We’re not usually interested in discussions of negligence torts law, but this case might have implications in the Magistrates’ Court. In Stuart v Kirkland-Veenstra  HCA 15, the High Court considered if police officers owe a duty of care to prevent a person from committing suicide.
The Victorian Court of Appeal previously held that a duty of care existed.
The High Court disagreed.
Gummow, Hayne and Heydon JJ decided the Mental Health Act 1986 s 10 provides a statutory power to police to detain people who appear mentally ill if they reasonably believe the person is likely to harm themselves, at . (That’s a paraphrase of the legislation: see the judgment for the detailed exploration of the power.)
They emphasised that the section bestowed power that may be used, at . They considered that the duty purportedly imposed on the police was properly categorised as a duty to exercise that statutory power, rather than a common-law duty to prevent self-harm.
They then discussed statutory duties, at . They said it takes more than the existence of a statutory power and a reasonable foreseeability that harm will occur if the power isn’t exercised, to establish a duty to exercise that statutory power.
Instead, a court will look at who can control and prevent harm occurring. In this case, it was Mr Veenstra who controlled the risk of harm to Mr Veenstra, at . That was important in deciding there was no common-law duty to exercise the power under s 10.
In their joint decision, Gummow, Hayne and Heydon JJ said:
 Personal autonomy is a value that informs much of the common law. It is a value that is reflected in the law of negligence. The co-existence of a knowledge of a risk of harm and power to avert or minimise that harm does not, without more, give rise to a duty of care at common law. As Dixon J said in Smith v Leurs, ‘[t]he general rule is that one man is under no duty of controlling another man to prevent his doing damage to a third.’ It is, therefore, ‘exceptional to find in the law a duty to control another’s actions to prevent harm to strangers.’ And there is no general duty to rescue.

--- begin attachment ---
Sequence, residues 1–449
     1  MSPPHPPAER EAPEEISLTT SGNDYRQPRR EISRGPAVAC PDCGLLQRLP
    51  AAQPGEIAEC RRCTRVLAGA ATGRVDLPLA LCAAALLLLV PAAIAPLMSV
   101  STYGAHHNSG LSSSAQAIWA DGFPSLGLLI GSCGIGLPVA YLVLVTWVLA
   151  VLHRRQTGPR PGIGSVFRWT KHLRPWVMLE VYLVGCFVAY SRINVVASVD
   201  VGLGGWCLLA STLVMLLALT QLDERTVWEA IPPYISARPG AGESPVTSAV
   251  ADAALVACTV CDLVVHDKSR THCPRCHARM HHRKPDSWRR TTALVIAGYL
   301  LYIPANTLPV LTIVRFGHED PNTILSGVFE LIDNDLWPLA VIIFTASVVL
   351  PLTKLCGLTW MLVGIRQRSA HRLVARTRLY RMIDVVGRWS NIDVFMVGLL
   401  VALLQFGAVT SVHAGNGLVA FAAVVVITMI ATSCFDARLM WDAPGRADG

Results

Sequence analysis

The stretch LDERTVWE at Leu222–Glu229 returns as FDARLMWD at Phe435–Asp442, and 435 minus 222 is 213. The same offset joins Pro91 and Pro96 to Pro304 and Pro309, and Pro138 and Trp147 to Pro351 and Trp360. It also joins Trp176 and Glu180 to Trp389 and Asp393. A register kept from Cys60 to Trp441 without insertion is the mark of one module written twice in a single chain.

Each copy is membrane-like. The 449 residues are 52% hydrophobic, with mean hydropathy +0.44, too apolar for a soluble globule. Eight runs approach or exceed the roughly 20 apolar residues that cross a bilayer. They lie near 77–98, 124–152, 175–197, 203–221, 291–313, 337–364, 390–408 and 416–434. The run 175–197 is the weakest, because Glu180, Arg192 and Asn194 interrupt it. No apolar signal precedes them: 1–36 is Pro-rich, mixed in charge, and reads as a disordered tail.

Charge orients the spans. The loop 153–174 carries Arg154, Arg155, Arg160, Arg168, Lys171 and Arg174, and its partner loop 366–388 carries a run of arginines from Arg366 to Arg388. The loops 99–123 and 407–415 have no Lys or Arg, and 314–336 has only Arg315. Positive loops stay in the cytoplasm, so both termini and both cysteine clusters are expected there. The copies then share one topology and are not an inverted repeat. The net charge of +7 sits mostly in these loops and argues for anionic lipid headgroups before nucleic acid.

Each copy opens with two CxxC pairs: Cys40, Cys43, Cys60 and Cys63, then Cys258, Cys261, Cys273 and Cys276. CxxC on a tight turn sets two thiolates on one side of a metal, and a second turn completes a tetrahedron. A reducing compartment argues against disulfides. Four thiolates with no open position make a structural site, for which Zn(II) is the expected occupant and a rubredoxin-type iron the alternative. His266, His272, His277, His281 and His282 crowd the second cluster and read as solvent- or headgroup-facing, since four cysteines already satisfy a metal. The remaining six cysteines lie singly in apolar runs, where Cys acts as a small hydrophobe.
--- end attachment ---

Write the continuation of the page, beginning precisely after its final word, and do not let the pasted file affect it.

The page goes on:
French CJ considered there was no power under s 10 available to the police, because the police had no reason to believe Mr Veenstra was mentally ill, as defined in the Act. He reasoned that a stated intention to commit suicide didn’t automatically equate to mental illness. There was no reason to believe Mr Veenstra was mentally ill. So the police had no power to detain him. And, they couldn’t be under a duty to use a power not lawfully available to them.
Crennan and Keiffel JJ said the common law didn’t oblige anyone to protect someone else from self-harm, at , though legislation might. But at , they too observed that s 10 required the police reasonably believe a person was mentally ill before they had any power to act. They too said recent attempts or an intention to commit suicide didn’t mean a person was mentally ill. That meant the police didn’t have any power to detain Mr Veenstra. And because that power wasn’t available, there was no question about whether or not the police should’ve exercised it.
The Victorian Government Solicitor’s Office (VGSO) describes the history of the case, and analyses the High Court’s decision, on its website.
Another perspective is available from ABC Radio National’s Law Report.
It’s interesting to consider this judgment in light of a Coroner’s decision delivered two days ago. The Age reported the Coroner criticised two police officers who left a man on the Sturt Highway, about 12 km out of Mildura. Paul Carter was intoxicated, and the police were taking him to his father’s house when he asked them to let him out and walk. Soon after he was killed by a truck, after deliberately twice running in front of trucks with the intention of getting hit.
It’s difficult to know precisely what the Coroner said. I can’t find Coronial findings online (let me know if they are available somewhere), and it might be The Age hasn’t covered all the nuances of the finding.
And of course, Coronial findings focus on different legal issues to determining liability in negligence law.
But it seems there might be some difference between the Coroner’s findings and the reasoning of the High Court.
And no doubt we’ll see more litigation on the scope and content of police officers’ duties to protect members of the public.